Words and Reason: Getting Back to our Roots

by Cynthia Clampitt

Cynthia Clampitt
Cynthia Clampitt

Because a lot of freelancers work in educational publishing, I thought I’d offer a little help with something that is increasingly demanded by publishers—because it’s demanded by state and national standards. I’m offering this because I worked for years as an in-house editor at a major publisher, and I saw over and over again that this is an issue.

It has been my experience that few freelance writers understand how to teach Greek and Latin roots as a skill to aid students in comprehension and language acquisition. I’ve already mentioned, in a previous column, the most frequent (almost universal, in fact) error I saw: teaching that export and import mean coming out of or going into a port. Even in situations where we’d had meetings with development houses where I stated explicitly, “Do NOT send me a lesson that teaches that export and import are things moving out of or into a port,” I’d still, often as early as a week later, get the dreaded lesson. (Of course, if you were following my earlier suggestion to look everything up, you probably wouldn’t be turning this in.)

That is an example of a lesson that understands the concept but gets the information wrong. The other problem I’d see is a complete lack of understanding of the concept. I received many lessons that ran along the lines of, “The word “volunteer” comes from the Latin voluntarius, which means, “voluntary.” Umm, yeah. But what have you just taught?

The point of teaching Greek and Latin roots is to help students understand English, not to teach Greek and Latin.

So what is the concept? Taking the export/import example, a lesson might go something like this: The Latin portare means “to carry.” We can see this root in export and import, which mean to carry out and carry in. It is also in transport, which is to carry across—if you transport something, you’re carrying it across some distance. A porter is someone who carries things. The word portable also shares this root. Using what you know about the suffix “able” and the root “portare,” what do you think portable means?

You might, if there is space (though there rarely is) add a note that student should not confuse this with the port in seaport or airport. That comes from the Latin portus, which means entrance, passage, or harbor.

Always remember that you have to have more than one word derived from a root. If, as in the “voluntaris” example above, there is only one word in English related to the root, you have not given students a useful tool for understanding new words—and that’s the objective—handing out tools.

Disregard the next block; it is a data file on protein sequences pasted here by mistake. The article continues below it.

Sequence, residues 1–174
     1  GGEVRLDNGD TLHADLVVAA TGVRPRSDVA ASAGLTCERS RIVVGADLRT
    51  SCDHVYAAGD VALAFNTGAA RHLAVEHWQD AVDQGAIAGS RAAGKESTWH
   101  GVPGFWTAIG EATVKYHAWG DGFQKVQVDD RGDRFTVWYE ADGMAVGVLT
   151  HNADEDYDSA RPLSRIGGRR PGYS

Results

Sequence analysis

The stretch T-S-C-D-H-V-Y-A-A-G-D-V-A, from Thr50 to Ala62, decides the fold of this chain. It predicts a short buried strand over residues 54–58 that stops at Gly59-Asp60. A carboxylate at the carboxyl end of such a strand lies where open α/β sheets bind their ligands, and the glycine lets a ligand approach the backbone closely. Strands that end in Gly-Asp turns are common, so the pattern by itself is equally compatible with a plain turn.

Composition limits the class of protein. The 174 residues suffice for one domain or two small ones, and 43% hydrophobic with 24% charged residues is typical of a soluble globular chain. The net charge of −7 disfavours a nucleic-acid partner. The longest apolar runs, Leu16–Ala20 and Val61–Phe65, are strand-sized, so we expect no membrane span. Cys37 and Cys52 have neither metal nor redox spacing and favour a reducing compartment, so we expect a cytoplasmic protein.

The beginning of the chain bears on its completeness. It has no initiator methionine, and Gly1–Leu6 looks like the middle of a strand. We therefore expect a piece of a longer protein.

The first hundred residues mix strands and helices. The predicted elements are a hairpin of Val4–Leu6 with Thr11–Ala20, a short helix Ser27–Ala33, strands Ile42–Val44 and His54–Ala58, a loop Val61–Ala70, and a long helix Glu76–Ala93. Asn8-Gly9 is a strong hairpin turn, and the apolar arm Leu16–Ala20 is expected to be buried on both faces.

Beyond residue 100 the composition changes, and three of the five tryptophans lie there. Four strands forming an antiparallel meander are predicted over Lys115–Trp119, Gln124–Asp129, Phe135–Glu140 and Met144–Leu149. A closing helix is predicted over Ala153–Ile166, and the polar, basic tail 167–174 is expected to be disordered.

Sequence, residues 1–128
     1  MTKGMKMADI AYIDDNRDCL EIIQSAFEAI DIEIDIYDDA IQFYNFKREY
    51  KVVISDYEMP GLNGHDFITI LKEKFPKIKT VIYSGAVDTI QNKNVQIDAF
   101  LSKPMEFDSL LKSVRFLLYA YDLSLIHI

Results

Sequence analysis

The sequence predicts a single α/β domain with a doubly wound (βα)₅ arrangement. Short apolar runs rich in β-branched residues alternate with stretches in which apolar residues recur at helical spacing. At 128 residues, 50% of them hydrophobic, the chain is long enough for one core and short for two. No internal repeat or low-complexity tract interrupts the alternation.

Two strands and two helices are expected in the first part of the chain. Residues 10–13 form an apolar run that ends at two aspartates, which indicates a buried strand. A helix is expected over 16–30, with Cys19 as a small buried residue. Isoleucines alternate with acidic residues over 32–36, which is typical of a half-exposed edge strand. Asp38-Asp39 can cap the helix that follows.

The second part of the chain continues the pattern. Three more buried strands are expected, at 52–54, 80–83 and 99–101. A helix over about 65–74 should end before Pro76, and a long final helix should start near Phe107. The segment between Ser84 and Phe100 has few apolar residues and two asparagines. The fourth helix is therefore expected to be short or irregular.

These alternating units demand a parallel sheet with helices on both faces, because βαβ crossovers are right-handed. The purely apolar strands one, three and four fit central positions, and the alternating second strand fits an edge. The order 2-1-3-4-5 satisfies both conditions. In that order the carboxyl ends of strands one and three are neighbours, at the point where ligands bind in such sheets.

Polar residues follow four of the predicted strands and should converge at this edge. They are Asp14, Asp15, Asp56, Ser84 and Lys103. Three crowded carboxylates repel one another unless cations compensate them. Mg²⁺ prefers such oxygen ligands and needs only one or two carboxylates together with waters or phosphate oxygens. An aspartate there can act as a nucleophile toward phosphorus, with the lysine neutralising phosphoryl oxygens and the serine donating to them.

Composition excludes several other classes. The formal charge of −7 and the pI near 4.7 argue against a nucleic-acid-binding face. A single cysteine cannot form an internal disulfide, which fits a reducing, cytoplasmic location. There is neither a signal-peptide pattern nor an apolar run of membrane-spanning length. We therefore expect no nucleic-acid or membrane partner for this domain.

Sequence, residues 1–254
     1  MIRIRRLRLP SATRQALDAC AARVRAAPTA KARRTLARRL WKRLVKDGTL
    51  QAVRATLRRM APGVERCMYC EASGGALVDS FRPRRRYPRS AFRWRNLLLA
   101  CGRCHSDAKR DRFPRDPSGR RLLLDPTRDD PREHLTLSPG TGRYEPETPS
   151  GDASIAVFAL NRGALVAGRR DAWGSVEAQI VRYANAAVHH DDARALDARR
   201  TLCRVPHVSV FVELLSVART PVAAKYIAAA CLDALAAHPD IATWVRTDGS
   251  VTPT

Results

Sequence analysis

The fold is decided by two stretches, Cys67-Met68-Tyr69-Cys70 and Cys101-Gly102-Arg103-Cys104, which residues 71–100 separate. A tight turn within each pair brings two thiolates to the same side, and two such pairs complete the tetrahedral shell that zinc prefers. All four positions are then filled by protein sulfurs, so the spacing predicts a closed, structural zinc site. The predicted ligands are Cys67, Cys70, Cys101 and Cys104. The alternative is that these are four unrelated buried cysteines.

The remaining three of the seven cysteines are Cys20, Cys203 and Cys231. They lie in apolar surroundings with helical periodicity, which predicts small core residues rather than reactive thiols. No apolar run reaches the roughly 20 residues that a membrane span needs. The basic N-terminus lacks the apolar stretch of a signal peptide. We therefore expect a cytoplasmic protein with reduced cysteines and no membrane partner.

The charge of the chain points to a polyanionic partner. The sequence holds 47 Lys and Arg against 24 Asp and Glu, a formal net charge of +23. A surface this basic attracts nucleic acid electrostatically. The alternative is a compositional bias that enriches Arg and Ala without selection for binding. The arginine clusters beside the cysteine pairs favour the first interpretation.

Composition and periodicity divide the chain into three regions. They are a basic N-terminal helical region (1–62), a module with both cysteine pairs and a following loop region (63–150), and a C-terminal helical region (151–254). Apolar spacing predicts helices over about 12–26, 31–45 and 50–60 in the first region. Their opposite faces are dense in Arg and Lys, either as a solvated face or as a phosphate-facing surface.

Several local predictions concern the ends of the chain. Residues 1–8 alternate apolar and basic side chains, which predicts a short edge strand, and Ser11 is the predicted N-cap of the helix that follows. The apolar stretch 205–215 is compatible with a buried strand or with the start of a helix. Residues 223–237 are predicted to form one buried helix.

Here are some examples of roots with multiple derivatives—though there are many others.

From Latin, manus means “hand.” From that, we get manufacture, manual labor, manuscript, and manicure.

The Latin scriptus, the past participle of scribere, which means “to write,” gives us script, scribe, scripture, scribble, describe, manuscript (written by hand), and conscript (write together).

Factura, also Latin, means “a working,” so manufacture is working by hand or something made by hand, an artifact is something that has been made, and a factory is where work is done.

From Greek, we have graphein, which means “to write.” Derived from this is autograph (writing yourself), telegraph (far writing), graphite (the black stuff in pencils that lets you write), biography (writing about life), geography (writing about the earth), phonograph (writing with sound), photograph (writing with light), and so on.

Tele comes from the Greek. It means “far off,” “at a distance,” or “to a distance.” Over the years, this word part has been used to describe a wide range of things that were done “at or to a distance”—seeing (television or telescope), sound (telephone), and writing (telegraph/telegram). Do NOT, however (as I saw recently), include telecommuting or telemarketing if teaching this (unless you include them as a “does not apply” item), as these words are recent constructs that are combining “telephone” and a following word. Telecommuting is not commuting far, but using the phone to “commute.”

There are many more possibilities, but these should give you an idea what is being looked for in these exercises.

The Internet is rife with resources that show Latin and Greek roots, but even faithful old Webster’s Dictionary shows roots for words, and some dictionaries list word families. So there are resources for those who weren’t language arts majors.

In addition to offering kids effective tools for understanding language, knowing how to teach word roots is an effective tool for making editors at publishers and development houses love you.

BIO: Contributor Cynthia Clampitt is a freelance writer, food historian, and traveler. She loves history, geography, culture, literature, and language—and the place where all of these intersect. She is the author of the award-winning travel narrative, Waltzing Australia, and keeps two blogs, http://www.theworldsfare.org and http://www.waltzingaustralia.com.